I'm debating actually going to the RV show.  I read an article that said Doctors have found that the flu virus can be transmitted by normal breathing, in addition to coughing and sneezing.  Arizona is really getting hit hard by the flu and with 100,000 people packed into the Big Tent at the show I think the odds of getting the bug go way up.  If I do go it'll probably be on one of the show's last days when hopefully things have thinned out.

Thanks for reading!

Sunday, January 14, 2018

Rethinking Solar

Readers of the blog will recall that I decided against a permanent solar panel install on the roof of the Mini like I had on the Tank due mostly to me not wanting to drill into the roof of the Mini fearful of future water damage, the bane of all RV owners.  Instead, I went with a 2 panel 200 watt "Solar Suitcase" from Renogy, a California-based solar company which tends to give a better solar "yield" than panels that lie flat because the suitcase can be aimed at the sun at the most beneficial angle.

The 200 watt Renogy Solar Suitcase in action.

Rather than use lead-acid batteries like I did in the Tank I went with lithium-ion batteries that have the advantage of being much lighter albeit at a significantly higher cost.

The Mini's lithium-ion solar generator.  345 watt hours of goodness.

Initially, the system worked great.  The Solar Suitcase would quickly charge the solar generator and keep it charged all day during heavy usage.  In fact the Solar Suitcase was TOO efficient as after the 100% charged meter showed up the generator's internal fan would kick in, indicating the lithium-ion battery was getting too warm from charging.  (Ask Samsung Corp. if lithium-ion batteries can overheat and catch fire.)  Re-reading the generator's manual I discovered that the manufacturer said not to charge the generator with more than 100 watts of solar...oooops!  As a partial fix during really sunny days I'd cover one of the Solar Suitcase's two 100 watt panels, effectively reducing it's output to the desired 100 watts.

Covering a panel to reduce the solar charge to the generator.

I decided to use the suitcase to charge the Mini's 12 volt lead-acid battery and purchased a new Renogy 100 watt panel that I'll use to charge the generator.  I'll still have the suitcase available to charge the generator on cloudy days when efficiency is reduced due to lack of sun if needed.

The stand-alone 100 watt Renogy panel for the generator.

This week is the big move to a two week boondock in the desert outside Quartzsite so I'll get a great chance to break-in the new solar setup and I'll be sure to update how it's working.

Thanks for reading!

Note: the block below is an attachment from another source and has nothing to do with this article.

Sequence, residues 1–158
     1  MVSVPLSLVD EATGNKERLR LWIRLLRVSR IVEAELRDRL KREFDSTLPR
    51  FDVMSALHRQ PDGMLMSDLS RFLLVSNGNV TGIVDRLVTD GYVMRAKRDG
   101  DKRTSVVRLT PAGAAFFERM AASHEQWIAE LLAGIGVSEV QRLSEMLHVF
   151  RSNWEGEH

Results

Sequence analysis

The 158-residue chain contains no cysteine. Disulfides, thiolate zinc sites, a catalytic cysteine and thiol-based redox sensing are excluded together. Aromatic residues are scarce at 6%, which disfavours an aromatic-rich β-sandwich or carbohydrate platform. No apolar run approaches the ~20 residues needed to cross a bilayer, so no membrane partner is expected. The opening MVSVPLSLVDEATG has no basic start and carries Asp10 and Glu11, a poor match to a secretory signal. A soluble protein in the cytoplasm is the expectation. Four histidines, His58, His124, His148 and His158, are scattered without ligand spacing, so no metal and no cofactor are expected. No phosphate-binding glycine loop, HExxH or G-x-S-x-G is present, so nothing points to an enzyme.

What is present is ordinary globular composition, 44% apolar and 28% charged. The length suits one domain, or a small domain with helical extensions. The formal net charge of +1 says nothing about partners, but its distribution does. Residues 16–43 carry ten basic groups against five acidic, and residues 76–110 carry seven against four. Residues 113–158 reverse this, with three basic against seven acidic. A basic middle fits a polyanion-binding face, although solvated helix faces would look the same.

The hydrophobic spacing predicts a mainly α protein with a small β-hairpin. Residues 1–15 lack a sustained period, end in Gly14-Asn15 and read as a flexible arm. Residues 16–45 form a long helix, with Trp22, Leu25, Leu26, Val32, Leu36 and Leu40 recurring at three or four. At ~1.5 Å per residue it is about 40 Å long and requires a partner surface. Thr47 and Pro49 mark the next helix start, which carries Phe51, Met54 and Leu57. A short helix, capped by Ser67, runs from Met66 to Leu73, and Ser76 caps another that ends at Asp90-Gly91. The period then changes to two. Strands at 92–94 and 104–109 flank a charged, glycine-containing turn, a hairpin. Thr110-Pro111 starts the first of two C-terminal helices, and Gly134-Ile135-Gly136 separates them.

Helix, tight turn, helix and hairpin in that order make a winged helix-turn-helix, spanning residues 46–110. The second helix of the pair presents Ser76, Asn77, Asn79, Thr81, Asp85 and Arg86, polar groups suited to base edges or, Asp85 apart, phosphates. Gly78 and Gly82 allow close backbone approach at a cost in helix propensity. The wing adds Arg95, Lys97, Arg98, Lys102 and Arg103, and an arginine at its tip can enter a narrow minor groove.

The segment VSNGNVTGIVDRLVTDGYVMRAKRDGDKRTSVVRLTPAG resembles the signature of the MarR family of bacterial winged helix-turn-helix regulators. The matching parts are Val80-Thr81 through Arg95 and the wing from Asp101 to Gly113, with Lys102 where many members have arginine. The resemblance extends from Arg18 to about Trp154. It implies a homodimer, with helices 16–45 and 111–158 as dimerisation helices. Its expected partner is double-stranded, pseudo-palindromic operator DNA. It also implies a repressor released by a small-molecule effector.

Friday, January 5, 2018

Prepping for the Desert

My time here at the Escapee's Benson, AZ facility is slowly drawing to a close.  Plans now are to take the Mini further west to Quartzsite for the Big Tent RV show and two weeks of boondocking on the BLM land south of the town.  I've got a couple of years experience with desert boondocking and I've come to a couple conclusions about what it will be like staying there in the Mini.  First, it can get really windy in western Arizona in January and winds can come up in a hurry.  When I camped there in the Tank it wasn't the biggest deal because the Tank didn't have an awning.  The Mini has a large awning and it really helps shading the sunny side of the trailer from the sun but a strong wind could easily make it act like a sail and flip up, possibly damaging the awning and also the roof of the Mini.

The Mini's awning shading the sun from the wall,

Camco, an RV after-market parts vendor, sells a couple of awning tools that can help secure an awning in at least moderate winds.  I ordered both their Awning Stabilizer Kit (tie downs that attach to stakes that screw into the ground) and their Awning De-flapper Kit (attaches to the awning material in the middle where winds coming from either end of the Mini could cause intense flapping which could rip the awning material if it was intense enough.)

The two awning kits and a awning mat in the middle.

The second major problem you experience when boondocking in the desert is the amount of sand and dirt you track into your RV (it is the desert after all!).  With the Tank I can recall having to sweep it out several times a day which was a pain after a few days.  I also bought a 6 foot by 9 foot awning mat that I plan to deploy under the awning and in front of the steps up into the Mini.  The mat comes with four stakes to secure it to the ground and is made up of a fibrous material that allows sand and dirt to drop through it instead of remaining on the mat's surface.  We'll see, I guess.  I'll post pictures of the gear after I've deployed it after I pick my campsite at Quartzsite.  Plan is to depart from here January 17th break the four and a half hour drive in two by stopping and getting a few more things I'm going to need at a Home Depot in Tucson.

Thanks for reading!